IS’ Strategy in Iraq and Syria

From ‘Remain and Expand’ to ‘Adapt and Evolve’

  • Small pockets of Islamic State fighters have regrouped throughout parts of Iraq and Syria.
  • Jihadists are becoming more brazen, executing coordinated attacks on security services and oil fields.
  • The Islamic State’s remaining war chest could prove to be sufficient for the group to fund its resurgence.
  • Engineering a comeback is part of the group’s current strategy of resting, rearming, and recuperating.

With the renewed vigor of the so-called Islamic State in areas north and west of Baghdad, a residual American military presence in Iraq is necessary to keep the terrorist group from staging a comeback in areas previously considered ‘liberated.’ What is quietly happening across parts of Iraq is less of a resurgence, and more a resurfacing, of the Islamic State. Many of these fighters never actually left, but merely scattered temporarily, having melted away into the population only to return. Intent on forming clandestine cells of fighters to cobble together a covert resistance, militants linked to the Islamic State (IS) have husbanded resources and launched sporadic attacks against local security services. Reporting from early 2018 indicated that a group of several hundred Islamic State fighters known as the ‘White Flags’ has sought safe haven and sanctuary in the Hamreen Mountains of northern Iraq. More broadly, the Defense Department recently estimated there could be more than 30,000 ISIS fighters remaining across Iraq and Syria combined.

In the last few months, Islamic State fighters throughout parts of Kirkuk have manned checkpoints to ambush Iraqi security forces operating in the area. They have also sabotaged oil tankers and targeted Shi’a civilians en route to religious pilgrimages. In Diayala and Salahaddin, IS sleeper cells have been conducting surveillance and reconnaissance missions to gather intelligence which can be passed along to an expanding network of operatives. The Islamic State’s comeback has not been limited strictly to Iraq, however. Across the border in Syria, pockets of fighters have been active around Hajin, Abu Kamal, Dashisha, Mayadin, and the outskirts of Deir Ezzour, where fighters recently launched an assault against the Al-Umar oil field in northeastern Syria, only to be repelled by American-backed forces from the Syrian Democratic Forces (SDF).

Moreover, the group is well-positioned financially to survive, adapt, and reorganize. While its territorial control has declined, the Islamic State still retains vast cash reserves—its surviving leadership reportedly smuggled as much as $400 million out of Iraq and Syria and used it to invest in legitimate businesses throughout the region. Without a sprawling bureaucracy to manage, IS needs far less money to operate effectively as an underground terrorist group. The Islamic State’s funding model and diversified portfolio—to include an ability to raise money through myriad criminal activities— have made it the wealthiest insurgent group in history and provide it with the financial resources to sustain the organization for years to come. At its peak, IS exerted near full control over major cities, towns and villages in Iraq and Syria, affording its fighters with widespread freedom of movement to prepare for the ‘day after’ the Caliphate.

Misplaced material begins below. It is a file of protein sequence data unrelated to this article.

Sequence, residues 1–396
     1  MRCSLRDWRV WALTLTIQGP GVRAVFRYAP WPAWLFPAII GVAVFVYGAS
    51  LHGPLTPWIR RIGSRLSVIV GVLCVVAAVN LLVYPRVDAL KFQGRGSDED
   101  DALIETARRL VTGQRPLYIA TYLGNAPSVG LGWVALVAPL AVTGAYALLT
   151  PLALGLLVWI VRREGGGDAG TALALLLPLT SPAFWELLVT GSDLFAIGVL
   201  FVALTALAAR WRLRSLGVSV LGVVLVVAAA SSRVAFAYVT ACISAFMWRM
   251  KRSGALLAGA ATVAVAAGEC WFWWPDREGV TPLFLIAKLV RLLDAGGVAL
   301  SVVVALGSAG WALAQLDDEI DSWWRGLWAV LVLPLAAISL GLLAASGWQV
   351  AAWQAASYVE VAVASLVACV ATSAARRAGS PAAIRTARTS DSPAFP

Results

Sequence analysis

Accordingly, as part of this preparation, IS strategically positioned resources in territorial strongholds where they enjoyed high levels of popular support amongst the population. This included vast quantities of cash buried under sand berms, and weapons, ammunition, and bomb-making materials hidden within man-made networks of tunnels. Since declaring the Caliphate in 2014, IS leadership recognized it would ultimately return to these areas to re-instigate guerilla warfare. Even where Iraqi Security Forces have pushed out the Islamic State from nearly all of the territory it once controlled in Iraq, these forces have done so with the backing of the U.S. military and its Coalition allies. The fight against the Islamic State is a generational struggle. As they make clear in their official statements, the group’s remaining leaders are convinced that the United States will soon withdraw the rest of its troops.

The Trump administration has wavered on whether to keep troops in Syria, with the President remarking in April that ‘I want to get out,’ before announcing an about-face last month to keep an American military presence in Syria ‘indefinitely.’ These mixed signals can be confusing and sap the morale of America’s most important allies in the anti-Islamic State fight. In the coming weeks, the U.S.-backed SDF will wage an all-out offensive against the remaining pockets of Islamic State fighters in northeastern Syria. Still, without a clear strategy and an enduring commitment to defeating IS, the group will be able to adapt and evolve, once again posing a threat to the stability of Iraq, Syria and the region as a whole.

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